Sprint Nextel (Overland Park, Kan.) reduced its voting rights in Clearwire Corp (Kirkland, WA) to 49.8 % from 54 %, potentially giving it more flexibility to raise new debt or refinance existing debt.
Under their previous ownership structure Sprint would have risked breaching its own debt agreements in the event of a default by Clearwire, which was viewed by debtholders as a Sprint subsidiary.
Actelis Networks (Fremont, Calif.), an Ethernet over copper provider, on Wednesday announced it has deployed broadband across a 440-thousand-square-mile region in the Northwest Territories of Canada, connecting a community of more than 40,000 people to schools, health care centers and other public services.
According to Actelis, the key to providing such a scattered population with these communications services was to establish a fast, reliable broadband communications network that leveraged the existing copper network.
Oracle (Redwood Shores, Calif.), is seeking between $1.4 billion and $6.1 billion in a patent lawsuit against Google (Mountain View, Calif.) over the smartphone market, according to a court filing.
Oracle sued Google last year, claiming the Web search company's Android mobile operating technology infringes upon Oracle's Java patents.
Oracle bought the Java programming language through its acquisition of Sun Microsystems in January 2010.
Telecom equipment manufacturer Huawei Technologies (Shenzhen, P.R.C) on Thursday rejected a U.S. government official's suggestion that its rapid growth was due to Chinese government financial aid.
"It is fundamentally and utterly incorrect," said Bill Plummer, vice president of external affairs for Huawei.
He was responding to a comment by U.S. Export-Import Bank President Fred Hochberg on Wednesday that one reason Huawei's "growth has been so dramatic is that it's backed by a $30 billion credit line from the Chinese Development Bank.
Oracle Corp is seeking damages "in the billions of dollars" from Google Inc in a patent lawsuit over the smartphone market, according to a court filing.
The disclosure on Thursday was the first time either side publicly mentioned the cumulative scale of Oracle's damages claims.
Oracle sued Google last year, claiming the Web search company's Android mobile operating technology infringes Oracle's Java patents. Oracle bought the Java programming language through its acquisition of Sun Microsystems in January 2010.
Telit Wireless Solutions, Inc., the U.S.-based mobile technology arm of Telit Communications (Trieste, Italy), announced on Wednesday the debut of the DE910-DUAL module, designed to let M2M developers use 3G CDMA networks for applications such as consumer electronics, mobile health devices, as well as telematics and mobile computing.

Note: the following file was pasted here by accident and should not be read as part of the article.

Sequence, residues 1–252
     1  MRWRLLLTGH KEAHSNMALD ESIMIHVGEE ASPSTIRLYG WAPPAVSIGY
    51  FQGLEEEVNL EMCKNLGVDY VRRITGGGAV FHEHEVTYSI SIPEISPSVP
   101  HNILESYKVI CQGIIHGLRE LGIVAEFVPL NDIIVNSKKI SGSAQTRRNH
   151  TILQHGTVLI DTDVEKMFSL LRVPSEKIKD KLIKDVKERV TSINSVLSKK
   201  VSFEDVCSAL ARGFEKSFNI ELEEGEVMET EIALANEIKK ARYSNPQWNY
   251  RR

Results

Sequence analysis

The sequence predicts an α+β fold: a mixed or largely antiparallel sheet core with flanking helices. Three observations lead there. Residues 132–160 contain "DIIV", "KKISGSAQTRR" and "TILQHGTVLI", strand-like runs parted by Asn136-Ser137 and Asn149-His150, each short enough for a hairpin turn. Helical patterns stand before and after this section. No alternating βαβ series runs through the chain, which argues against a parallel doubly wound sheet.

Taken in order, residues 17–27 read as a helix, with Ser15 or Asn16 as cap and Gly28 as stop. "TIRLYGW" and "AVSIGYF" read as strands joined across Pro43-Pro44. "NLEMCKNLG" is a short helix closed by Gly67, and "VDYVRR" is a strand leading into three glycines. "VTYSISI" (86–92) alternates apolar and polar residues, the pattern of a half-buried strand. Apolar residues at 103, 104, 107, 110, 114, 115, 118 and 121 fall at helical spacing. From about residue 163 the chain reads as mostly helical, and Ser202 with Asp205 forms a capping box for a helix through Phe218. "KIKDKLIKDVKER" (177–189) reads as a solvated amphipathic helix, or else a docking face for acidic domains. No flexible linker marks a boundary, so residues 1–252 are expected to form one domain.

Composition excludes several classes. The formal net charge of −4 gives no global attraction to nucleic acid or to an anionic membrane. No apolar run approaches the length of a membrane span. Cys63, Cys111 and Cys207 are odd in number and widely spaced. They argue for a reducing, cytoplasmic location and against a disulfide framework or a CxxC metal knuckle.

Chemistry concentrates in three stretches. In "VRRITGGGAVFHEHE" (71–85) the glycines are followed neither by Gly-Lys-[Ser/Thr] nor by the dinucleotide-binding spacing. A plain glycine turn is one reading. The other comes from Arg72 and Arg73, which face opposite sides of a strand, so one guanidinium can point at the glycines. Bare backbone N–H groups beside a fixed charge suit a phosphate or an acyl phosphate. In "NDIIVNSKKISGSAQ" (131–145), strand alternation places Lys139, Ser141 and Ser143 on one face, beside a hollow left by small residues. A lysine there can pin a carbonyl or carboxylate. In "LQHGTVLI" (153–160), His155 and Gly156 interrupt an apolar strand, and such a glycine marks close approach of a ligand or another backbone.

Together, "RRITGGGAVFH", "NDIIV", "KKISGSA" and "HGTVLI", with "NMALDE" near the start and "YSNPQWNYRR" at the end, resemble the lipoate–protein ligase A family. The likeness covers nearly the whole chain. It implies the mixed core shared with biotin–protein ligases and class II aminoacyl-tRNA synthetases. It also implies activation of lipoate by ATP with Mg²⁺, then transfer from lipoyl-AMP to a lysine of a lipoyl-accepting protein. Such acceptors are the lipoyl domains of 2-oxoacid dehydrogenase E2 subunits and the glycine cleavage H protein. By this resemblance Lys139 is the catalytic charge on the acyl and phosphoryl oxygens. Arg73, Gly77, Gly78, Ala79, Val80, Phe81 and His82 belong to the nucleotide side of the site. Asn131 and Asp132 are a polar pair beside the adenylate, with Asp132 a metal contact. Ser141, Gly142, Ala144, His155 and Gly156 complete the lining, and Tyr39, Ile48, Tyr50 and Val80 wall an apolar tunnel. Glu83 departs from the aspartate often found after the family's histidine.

Telstra (Melbourne, Australia), a network carrier, on Thursday announced it would invest more than $800 million in cloud computing over the next five years to support the growing demand from Australian organizations for cloud services.
As part of the announcement, Telstra CEO David Thodey unveiled more corporate customers who use Telstra cloud computing including Australian Vintage Limited, The Salvation Army Employment Plus, Oz Minerals, Tabcorp, and Tristar Medical Group.
U.S. regulators granted Harbinger Capital-backed LightSquared (Reston, Va.) a two week extension on its report explaining GPS interference issues related to a high-speed wireless network it wants to build, the company said on Wednesday.
Before it can go ahead with its proposed network, LightSquared must show the U.S. Federal Communications Commission (FCC) that it can avoid interference with GPS devices, which use wireless airwaves next to those licensed to LightSquared.
RACO Wireless (Cincinnati, Ohio), a provider of machine-to-machine (M2M) connectivity, announced on Wednesday that it will provide the M2M backbone for Securus Inc. (Cary, N.C.), a provider of GPS-based products and services, as well as provide an M2M service package for vertical market applications to Direct Communication Solutions (DCS) (Coral Spring, Fla.), a distributor of embedded modules for M2M developers.
The U.S. Congress was introduced to The Broadband Affordability Act on Tuesday, which will aim to help bridge the digital divide by making in-home broadband services more affordable for lower-income American families. The Act was introduced by Congresswoman Doris Matsui (D-CA), a member of the House of Energy and Commerce Subcommittee on Communications and Technology.
The U.S. Federal Communications Commission (FCC) estimated in 2010 that 28 million Americans do not subscribe to broadband services because of affordability barriers.